“You start your day and you ask the driver where are we going? And he just looks up and says ‘That way,’” he said. “You don’t want to miss a gear, going up the hill there, and you don’t want to choose the wrong gear when you start going down a hill.”

Most of the power units in Israel are cabovers designed for heavy-hauling and maneuverability on narrower Old World style streets and highways.

“Both in Europe and Israel, the roads are not so big, the cities are not so big, and the space for (maneuvering) a vehicle is not as good as we have here,” he said. “The interstates are not as developed. All of the equipment is much, much smaller in size; however, it’s much heavier. In most cases the motors are much more powerful. It’s a different combination.”

Jacobs said the rig he rode along in was a 2013 DAF Model 105 tractor-trailer, with a 460 horsepower motor, 18-speed manual transmission and two steer axles. The gross vehicle weight is 65 metric tons. Standard safety features include an air disc brake system for everything but the drive axles, a retarder brake, an engine brake, anti-lock braking system and electronic stability control, as well as radar collision detection and “smart” cruise control that can slow the truck to a halt.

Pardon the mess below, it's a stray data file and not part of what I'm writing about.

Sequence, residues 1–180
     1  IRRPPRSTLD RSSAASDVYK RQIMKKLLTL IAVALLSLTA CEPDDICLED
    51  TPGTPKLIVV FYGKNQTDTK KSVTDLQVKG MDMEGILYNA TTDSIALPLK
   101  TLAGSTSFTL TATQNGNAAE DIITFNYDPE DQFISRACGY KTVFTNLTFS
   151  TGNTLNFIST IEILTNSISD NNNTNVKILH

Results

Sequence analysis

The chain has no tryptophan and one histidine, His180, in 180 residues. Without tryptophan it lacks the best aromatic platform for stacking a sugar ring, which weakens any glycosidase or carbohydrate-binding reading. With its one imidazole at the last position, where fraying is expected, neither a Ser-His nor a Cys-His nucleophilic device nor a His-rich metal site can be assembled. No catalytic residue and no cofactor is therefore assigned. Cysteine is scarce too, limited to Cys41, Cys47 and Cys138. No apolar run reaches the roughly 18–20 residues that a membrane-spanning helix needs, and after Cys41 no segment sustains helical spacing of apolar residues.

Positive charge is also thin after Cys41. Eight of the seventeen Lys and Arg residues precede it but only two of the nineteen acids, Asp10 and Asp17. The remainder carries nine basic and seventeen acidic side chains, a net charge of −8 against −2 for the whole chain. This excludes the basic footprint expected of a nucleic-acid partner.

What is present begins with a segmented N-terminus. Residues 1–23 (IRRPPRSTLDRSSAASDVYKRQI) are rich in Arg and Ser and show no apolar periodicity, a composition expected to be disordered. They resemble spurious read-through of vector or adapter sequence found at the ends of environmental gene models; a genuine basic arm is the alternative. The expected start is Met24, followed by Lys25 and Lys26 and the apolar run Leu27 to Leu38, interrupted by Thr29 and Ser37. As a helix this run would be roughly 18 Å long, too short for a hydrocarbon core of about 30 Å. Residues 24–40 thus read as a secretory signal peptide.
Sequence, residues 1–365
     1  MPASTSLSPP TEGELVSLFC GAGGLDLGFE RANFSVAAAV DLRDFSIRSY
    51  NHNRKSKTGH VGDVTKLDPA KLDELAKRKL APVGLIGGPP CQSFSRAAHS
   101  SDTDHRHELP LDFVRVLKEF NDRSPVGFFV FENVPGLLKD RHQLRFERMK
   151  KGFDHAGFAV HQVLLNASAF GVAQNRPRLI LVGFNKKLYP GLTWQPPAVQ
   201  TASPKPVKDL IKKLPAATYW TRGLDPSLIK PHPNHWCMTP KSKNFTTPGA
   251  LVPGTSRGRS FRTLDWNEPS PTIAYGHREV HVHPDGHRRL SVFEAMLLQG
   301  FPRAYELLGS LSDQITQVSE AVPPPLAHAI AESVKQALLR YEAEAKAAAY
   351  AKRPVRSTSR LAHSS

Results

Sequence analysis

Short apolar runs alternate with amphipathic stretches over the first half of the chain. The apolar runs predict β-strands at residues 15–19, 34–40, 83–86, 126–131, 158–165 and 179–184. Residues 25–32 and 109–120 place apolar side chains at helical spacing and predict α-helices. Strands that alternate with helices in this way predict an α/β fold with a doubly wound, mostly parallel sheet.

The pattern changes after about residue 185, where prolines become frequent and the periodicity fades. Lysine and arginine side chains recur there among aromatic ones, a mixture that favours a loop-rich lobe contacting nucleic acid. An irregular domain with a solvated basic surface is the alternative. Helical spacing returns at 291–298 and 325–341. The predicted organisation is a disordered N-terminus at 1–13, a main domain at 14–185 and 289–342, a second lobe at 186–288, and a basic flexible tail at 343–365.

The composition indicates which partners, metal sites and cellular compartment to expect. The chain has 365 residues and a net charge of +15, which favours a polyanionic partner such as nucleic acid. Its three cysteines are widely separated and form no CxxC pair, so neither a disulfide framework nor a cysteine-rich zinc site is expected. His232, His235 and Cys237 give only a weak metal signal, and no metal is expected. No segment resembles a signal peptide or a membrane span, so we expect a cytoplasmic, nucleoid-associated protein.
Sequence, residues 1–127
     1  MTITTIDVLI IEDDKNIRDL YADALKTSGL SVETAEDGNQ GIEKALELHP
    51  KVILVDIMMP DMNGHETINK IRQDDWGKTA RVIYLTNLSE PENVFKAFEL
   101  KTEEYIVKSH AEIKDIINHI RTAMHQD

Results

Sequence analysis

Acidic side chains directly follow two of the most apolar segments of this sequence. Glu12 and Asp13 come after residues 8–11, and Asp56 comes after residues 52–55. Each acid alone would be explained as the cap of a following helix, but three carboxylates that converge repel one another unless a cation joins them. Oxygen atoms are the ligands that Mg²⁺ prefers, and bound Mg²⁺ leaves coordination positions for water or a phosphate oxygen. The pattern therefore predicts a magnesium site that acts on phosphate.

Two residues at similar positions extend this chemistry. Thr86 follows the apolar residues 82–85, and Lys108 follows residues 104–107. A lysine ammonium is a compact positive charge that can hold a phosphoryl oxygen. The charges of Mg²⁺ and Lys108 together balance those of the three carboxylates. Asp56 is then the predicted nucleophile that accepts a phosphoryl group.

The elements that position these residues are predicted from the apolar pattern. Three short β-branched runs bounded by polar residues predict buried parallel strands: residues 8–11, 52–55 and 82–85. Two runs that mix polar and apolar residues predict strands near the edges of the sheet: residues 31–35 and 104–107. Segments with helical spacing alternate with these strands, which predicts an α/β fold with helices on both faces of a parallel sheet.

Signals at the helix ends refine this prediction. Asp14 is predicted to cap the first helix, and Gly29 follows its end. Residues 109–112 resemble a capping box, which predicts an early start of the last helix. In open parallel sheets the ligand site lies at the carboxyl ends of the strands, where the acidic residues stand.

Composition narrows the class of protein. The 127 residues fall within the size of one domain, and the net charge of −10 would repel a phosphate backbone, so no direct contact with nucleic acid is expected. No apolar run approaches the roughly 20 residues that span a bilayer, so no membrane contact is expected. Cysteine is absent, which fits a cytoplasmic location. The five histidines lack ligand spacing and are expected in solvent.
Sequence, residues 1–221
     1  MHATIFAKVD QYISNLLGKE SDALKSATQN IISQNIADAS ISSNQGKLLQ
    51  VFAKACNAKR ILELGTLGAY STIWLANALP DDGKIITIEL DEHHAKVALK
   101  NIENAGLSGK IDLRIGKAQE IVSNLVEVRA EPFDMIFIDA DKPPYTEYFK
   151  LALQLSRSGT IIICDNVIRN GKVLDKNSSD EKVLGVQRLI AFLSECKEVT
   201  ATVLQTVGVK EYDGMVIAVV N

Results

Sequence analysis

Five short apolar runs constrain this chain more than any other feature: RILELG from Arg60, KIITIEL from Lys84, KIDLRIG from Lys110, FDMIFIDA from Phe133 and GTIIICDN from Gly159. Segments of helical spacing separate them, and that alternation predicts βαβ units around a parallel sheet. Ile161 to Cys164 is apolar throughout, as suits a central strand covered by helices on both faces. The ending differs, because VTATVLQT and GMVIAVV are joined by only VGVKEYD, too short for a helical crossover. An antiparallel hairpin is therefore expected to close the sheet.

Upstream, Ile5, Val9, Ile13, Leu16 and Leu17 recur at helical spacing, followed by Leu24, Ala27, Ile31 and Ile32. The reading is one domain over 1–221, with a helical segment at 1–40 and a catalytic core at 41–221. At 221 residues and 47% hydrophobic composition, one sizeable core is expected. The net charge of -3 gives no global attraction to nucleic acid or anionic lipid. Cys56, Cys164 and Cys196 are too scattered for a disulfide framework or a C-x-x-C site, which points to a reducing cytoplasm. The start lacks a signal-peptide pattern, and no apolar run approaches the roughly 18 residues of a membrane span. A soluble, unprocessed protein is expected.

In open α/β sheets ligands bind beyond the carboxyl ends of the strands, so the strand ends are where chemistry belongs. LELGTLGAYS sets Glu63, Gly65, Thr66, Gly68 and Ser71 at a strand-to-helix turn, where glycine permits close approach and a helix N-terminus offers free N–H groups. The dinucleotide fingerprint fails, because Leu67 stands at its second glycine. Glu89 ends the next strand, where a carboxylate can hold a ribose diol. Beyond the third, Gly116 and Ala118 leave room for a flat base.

“It’s amazing the maneuverability and places those rigs can get into and out of,” he said. “It’s just outstanding. Even when it comes to taking a turn to the right or to the left, they see much better to the sides. The vehicle drives just next to the road without any problems. The trailer is following the steer axles almost to the point. So the maneuverability of those kinds of rigs is much better.”

Long-hauling? Eh, not so much . . .
One of the biggest differences between Israeli and American trucking is the basic geography of the two countries. Jacobs said the idea of “long hauling” is something of a misnomer, as most trips take three hours or less. Israel’s hours of service also require a 30-minute break every four hours.